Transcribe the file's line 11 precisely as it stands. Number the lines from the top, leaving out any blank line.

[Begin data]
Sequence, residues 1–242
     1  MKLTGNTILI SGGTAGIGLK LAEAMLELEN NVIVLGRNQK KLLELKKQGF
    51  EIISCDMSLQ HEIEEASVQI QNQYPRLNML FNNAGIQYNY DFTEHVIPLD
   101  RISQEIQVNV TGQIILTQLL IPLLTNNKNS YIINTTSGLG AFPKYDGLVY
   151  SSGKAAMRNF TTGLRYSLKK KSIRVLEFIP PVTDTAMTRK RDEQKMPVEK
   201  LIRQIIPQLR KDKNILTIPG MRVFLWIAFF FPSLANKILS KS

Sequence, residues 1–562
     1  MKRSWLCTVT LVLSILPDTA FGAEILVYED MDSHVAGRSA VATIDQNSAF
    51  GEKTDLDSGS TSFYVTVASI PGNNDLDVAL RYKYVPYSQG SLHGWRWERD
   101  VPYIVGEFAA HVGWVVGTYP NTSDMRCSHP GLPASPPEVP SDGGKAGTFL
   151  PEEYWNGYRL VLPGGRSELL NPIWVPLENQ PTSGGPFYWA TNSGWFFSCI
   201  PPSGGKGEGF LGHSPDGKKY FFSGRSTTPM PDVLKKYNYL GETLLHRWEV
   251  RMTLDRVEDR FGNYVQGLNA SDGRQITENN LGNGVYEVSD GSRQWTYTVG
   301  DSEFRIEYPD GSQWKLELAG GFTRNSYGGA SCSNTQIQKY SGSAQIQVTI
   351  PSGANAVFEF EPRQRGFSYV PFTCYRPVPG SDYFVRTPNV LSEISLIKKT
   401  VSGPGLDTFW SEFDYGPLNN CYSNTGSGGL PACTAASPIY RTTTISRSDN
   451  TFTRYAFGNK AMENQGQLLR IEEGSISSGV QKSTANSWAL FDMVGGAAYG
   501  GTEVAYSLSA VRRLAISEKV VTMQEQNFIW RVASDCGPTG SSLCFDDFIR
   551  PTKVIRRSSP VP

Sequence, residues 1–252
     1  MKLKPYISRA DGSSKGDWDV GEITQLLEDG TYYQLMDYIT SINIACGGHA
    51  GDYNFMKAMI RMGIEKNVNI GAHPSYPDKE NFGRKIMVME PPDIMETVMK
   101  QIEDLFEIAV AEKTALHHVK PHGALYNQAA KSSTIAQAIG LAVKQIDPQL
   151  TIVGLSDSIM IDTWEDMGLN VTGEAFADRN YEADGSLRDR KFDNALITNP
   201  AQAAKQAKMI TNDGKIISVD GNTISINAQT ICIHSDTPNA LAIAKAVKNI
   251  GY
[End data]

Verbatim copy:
   151  PEEYWNGYRL VLPGGRSELL NPIWVPLENQ PTSGGPFYWA TNSGWFFSCI